Chivalry is Alive and Well, Because I Said So
Chivalry is a dying art. But in our house, teaching our boys to show respect for their mother and sisters is not optional — or easy. Here is a snapshot of raising gentlemen in 2019.
Over the holiday break, Laurie takes the kids to the movies while I am at work. And she sends me a text message before the movie starts, saying she asked the boys to go to the concession stand and refill sodas for their sisters and for her. They stand up to obey, but are groaning and griping about missing the previews. At this point, Laurie sits them back down and explains to them they need to be gentlemen.
Laurie and I take great pride in raising our two boys, and we don’t make too many apologies for having a high standard. We try to find grace when it comes to grades and athletics, especially when their various diagnoses have an impact. But there are some things that we will rarely let go. And serving their mother and sisters with a good attitude is at the top of that list.
“You have to rein in boys quickly,” I heard a pastor say in a sermon about raising sons. “Because most of them are gonna be bigger than their mother real quick.” Isaac is 14 years old, about five pounds heavier than me, and at least two inches taller. Jayden is almost 11, and is tracking in the same direction. So I’m glad we started on them early, because our window closed quickly.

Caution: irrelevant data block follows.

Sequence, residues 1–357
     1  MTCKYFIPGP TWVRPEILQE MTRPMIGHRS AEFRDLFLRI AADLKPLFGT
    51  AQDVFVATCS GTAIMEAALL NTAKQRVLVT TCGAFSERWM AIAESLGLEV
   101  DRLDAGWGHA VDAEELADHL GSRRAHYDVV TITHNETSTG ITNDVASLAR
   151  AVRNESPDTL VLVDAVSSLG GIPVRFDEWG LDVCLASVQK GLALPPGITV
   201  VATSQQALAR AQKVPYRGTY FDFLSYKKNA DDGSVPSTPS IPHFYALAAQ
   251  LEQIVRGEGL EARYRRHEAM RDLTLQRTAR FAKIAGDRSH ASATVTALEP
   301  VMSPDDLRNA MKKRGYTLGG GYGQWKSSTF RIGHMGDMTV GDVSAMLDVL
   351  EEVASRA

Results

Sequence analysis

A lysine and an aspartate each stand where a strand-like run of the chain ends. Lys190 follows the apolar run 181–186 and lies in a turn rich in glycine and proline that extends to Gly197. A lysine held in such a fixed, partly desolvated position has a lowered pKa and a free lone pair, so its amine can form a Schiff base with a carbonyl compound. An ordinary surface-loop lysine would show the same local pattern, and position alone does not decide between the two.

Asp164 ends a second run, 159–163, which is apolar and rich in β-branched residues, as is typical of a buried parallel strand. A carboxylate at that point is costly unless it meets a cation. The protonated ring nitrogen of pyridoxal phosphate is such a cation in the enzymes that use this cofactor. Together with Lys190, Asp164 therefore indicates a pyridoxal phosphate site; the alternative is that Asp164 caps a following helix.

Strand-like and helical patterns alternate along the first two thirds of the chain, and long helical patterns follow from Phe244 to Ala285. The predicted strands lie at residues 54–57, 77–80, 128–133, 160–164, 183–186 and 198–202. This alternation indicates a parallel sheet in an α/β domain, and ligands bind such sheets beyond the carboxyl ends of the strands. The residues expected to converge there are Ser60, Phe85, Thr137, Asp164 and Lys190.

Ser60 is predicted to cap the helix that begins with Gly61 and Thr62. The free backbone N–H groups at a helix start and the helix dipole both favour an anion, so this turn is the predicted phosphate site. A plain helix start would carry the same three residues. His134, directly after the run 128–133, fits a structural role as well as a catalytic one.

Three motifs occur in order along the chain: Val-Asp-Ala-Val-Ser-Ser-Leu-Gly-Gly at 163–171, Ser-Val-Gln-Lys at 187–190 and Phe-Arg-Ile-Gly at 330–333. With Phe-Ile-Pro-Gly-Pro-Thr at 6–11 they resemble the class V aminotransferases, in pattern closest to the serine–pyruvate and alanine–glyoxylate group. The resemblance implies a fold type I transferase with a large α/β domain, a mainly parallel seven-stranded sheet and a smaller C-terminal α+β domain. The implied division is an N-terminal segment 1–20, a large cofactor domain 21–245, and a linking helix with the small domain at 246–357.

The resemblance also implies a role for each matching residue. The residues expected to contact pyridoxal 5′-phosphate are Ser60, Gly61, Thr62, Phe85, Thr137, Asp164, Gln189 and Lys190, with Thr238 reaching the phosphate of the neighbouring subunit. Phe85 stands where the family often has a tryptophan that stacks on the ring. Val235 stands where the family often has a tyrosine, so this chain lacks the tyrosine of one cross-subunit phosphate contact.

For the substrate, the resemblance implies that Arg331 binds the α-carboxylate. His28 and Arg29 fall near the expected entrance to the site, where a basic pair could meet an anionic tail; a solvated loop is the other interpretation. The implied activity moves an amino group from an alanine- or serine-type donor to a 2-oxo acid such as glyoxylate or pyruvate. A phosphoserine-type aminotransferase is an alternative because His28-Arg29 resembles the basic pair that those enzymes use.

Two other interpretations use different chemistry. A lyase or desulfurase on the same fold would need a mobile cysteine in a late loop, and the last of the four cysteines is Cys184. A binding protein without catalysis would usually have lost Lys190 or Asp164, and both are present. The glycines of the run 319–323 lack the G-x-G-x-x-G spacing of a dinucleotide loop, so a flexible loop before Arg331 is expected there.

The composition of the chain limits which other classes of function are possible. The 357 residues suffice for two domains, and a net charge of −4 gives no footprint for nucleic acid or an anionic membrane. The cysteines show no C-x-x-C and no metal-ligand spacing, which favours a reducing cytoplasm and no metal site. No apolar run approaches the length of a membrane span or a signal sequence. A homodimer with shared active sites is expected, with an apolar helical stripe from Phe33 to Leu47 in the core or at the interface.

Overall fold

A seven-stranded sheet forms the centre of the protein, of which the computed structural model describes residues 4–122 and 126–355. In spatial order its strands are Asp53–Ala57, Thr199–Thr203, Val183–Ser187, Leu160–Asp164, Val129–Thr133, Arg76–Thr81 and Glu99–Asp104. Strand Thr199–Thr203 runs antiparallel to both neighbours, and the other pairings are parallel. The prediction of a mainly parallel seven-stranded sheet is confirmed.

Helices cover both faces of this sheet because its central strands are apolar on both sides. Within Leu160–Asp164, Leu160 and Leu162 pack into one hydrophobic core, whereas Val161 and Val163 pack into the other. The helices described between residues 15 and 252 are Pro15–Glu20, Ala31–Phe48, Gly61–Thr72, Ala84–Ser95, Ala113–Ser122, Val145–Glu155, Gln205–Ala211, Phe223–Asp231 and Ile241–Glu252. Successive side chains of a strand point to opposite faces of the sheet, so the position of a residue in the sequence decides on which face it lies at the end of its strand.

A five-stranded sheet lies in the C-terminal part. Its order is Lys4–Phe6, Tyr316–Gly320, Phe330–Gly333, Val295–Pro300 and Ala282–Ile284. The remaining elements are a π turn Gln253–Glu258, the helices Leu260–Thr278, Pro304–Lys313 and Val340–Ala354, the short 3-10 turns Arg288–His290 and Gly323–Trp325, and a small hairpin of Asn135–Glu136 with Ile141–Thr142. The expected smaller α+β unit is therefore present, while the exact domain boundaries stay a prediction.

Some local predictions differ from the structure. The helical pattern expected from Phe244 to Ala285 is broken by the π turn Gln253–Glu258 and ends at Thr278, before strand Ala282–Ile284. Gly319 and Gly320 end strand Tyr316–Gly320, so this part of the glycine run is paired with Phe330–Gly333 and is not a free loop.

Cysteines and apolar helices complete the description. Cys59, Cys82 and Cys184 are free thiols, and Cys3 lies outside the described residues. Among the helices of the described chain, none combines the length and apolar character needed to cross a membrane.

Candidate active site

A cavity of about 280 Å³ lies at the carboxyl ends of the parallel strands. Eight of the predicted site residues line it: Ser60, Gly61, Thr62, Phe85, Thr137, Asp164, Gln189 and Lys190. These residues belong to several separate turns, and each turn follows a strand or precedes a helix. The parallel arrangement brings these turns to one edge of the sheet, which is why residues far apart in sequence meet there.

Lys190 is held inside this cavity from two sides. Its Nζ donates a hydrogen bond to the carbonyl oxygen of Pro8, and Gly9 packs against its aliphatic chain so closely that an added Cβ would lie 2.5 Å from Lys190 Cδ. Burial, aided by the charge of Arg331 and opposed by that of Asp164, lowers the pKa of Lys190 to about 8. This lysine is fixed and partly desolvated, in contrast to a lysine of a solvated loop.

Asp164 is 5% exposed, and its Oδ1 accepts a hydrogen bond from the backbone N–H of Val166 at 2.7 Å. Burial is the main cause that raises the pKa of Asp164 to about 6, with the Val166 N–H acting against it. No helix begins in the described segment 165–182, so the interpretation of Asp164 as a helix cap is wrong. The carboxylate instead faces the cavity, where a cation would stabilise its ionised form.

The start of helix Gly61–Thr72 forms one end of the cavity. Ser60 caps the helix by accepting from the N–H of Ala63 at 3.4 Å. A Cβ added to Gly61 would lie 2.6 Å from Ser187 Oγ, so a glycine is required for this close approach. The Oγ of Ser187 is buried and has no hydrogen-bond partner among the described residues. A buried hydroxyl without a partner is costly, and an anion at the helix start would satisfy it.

Ever since they were young, Laurie and I have had high expectations. Our boys are to hold every door for their mom and sisters. Every second helping at the dinner table will be offered to the ladies first. The boys will patiently wait every morning for the ladies to be ready for school or church. They will make no jokes about how long the hair, nails, and make-up are taking. And when the ladies announce they’re ready to go, the boys are to make a big deal about how good they look. The only alternative is they’re gonna hear about it from me.
So after the boys head off to the concession stand, Laurie texts me and tells me when the boys started complaining she took out her phone and said, “Let’s just give Dad a call and see what he has to say about your attitude.”
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“Woah!” they say as they jump out of their chairs. “Let’s just put that away!” Then they push each other and race to exit the theater, the same way the Three Stooges stumble over each other when they’re in a hurry.
“That’s some sound mothering,” I say. Then I send a group text to Isaac, Vivi, and Laurie, “Isaac, be a gentleman. Or you and I will have words. Actually you will have no words. I will have all the words.”
This might sound harsh, but as I said I don’t make many apologies for riding the boys, and I want the ladies to see I’m addressing it. Plus, the boys clearly aren’t intimidated because Isaac messages back, “Yes, sir” and adds some smiling emojis. Later, Laurie tells me they all got a good laugh out of my text. “You boys are in for it now,” one of the girls said. “You guys better straighten up,” the other one said.
“I love it!” I said. “What happened then?”
“We kept at them throughout the movie. We asked if we could have a piece of their candy or if they’d walk us to the restroom.”
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I laughed out loud. “That’s so mean.”
“We didn’t actually make them do it. We were just having a little fun teasing them. But they were gonna do it.”
“That’s hilarious,” I said. Then I texted Isaac, “Good job taking care of your mom and sisters.”
“Hardy har,” he said. Then he added some laughing emojis. “And thanks, Dad.”